Domestic Abuse: immigration and nationality legal aid

Part of Domestic Abuse Bill – in a Public Bill Committee at 2:15 pm on 17th June 2020.

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Photo of Jess Phillips Jess Phillips Shadow Minister (Home Office) 2:15 pm, 17th June 2020

Okay. That is absolutely fine. I was about to say to the Minister that I hear what she says about the concern that we might let a few too many in the country. I will take the issue up on Third Reading and speak about it every day until we get to Report and I will ensure that people speak about it in the Lords.

The Minister has probably never taken a call in a refuge and had to tell someone that they could not come because they had no recourse. She can say that I speak with my heart and not my head, but I have had to use my head to turn women away. I have had to have women’s children removed from them.

I do not act as an emotional being; I am emotional about the right thing to do. We are here to protect victims of domestic violence. We do not expect to ask them which countries they have travelled from when they present. I will take away what the Minister says about possible confusion. The amendments that will be laid before the House will be clear that, just as for those on spousal visas, there is no guarantee whatever of indefinite leave to remain, as the Minister well knows, in the scheme.

In fact, not everybody gets indefinite leave to remain. The data collected centrally is widely available. All we ask is that for a period everybody will be able to access support and be given a fair chance to make an immigration application. It is as simple as that. I do not want to stand here and let it pass. The point still stands whether we want to call them illegal or whether we want to talk about which particular visa they might have. If anyone does not have asylum accommodation in their constituency, they are free to come to mine to see whether they would like to put victims of domestic violence in it. It’s really cracking.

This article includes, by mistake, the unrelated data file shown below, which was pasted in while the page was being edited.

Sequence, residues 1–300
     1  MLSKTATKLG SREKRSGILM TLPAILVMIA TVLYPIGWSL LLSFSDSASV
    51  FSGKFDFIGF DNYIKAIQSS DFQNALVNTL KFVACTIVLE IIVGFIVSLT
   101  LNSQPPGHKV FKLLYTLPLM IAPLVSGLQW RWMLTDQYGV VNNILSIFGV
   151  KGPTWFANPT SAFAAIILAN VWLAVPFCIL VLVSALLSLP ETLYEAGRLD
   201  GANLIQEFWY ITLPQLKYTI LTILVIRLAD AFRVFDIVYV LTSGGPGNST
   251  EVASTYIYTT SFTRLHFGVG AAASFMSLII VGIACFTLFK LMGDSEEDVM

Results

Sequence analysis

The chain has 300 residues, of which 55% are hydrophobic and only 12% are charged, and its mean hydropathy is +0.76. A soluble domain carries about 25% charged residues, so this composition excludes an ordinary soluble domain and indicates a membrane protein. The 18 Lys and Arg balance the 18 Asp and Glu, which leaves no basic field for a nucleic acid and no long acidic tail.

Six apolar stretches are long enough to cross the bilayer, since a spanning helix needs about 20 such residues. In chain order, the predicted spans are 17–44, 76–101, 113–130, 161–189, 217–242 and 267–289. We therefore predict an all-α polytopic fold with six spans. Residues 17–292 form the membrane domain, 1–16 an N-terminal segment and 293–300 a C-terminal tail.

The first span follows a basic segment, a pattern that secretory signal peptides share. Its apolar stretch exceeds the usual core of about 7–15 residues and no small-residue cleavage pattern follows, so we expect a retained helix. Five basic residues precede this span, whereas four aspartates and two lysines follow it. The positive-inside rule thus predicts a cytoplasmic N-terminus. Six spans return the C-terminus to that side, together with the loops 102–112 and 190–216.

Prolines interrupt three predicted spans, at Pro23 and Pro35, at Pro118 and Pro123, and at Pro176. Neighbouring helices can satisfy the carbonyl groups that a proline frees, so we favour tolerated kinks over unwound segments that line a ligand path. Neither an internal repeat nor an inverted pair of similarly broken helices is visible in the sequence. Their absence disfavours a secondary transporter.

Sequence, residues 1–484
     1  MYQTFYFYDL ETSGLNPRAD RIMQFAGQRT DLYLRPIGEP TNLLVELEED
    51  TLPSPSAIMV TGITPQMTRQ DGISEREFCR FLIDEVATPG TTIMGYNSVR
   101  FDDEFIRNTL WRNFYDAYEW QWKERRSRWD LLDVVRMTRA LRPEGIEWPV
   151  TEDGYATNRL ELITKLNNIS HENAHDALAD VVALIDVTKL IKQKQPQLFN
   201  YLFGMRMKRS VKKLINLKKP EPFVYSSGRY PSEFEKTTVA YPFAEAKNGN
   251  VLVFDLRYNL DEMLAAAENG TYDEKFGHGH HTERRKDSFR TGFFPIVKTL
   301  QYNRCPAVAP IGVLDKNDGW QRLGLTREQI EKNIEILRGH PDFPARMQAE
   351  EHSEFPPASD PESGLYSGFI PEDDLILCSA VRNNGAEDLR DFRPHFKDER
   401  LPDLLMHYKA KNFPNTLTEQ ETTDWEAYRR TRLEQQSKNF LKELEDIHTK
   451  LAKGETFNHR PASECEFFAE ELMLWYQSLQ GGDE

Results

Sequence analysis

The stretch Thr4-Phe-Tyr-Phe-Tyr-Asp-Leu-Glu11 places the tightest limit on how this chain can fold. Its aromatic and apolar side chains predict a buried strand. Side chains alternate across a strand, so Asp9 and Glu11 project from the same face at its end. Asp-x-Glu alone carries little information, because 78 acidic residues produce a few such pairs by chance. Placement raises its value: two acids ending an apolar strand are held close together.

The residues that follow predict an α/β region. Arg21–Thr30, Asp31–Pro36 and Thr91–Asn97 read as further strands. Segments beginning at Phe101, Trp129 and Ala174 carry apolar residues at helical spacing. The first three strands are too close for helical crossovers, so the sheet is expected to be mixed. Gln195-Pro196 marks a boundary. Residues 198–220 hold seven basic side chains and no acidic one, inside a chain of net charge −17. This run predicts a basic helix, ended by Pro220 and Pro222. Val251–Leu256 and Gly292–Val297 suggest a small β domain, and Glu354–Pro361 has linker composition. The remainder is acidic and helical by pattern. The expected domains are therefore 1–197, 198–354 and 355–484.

There will be people exactly as I have outlined. It does not matter what sort of visa they are on. As I have said, there will be people who we come across every day to whom we are currently saying, “This Bill isn’t for you. This Bill doesn’t help you; I am sorry you got beaten up, but you are on your own.” That is the reality of this law, until it is changed. I will do everything I can to change it and I have a better chance of doing that in front of the whole House—either this one or the other place. I beg to ask leave to withdraw the motion.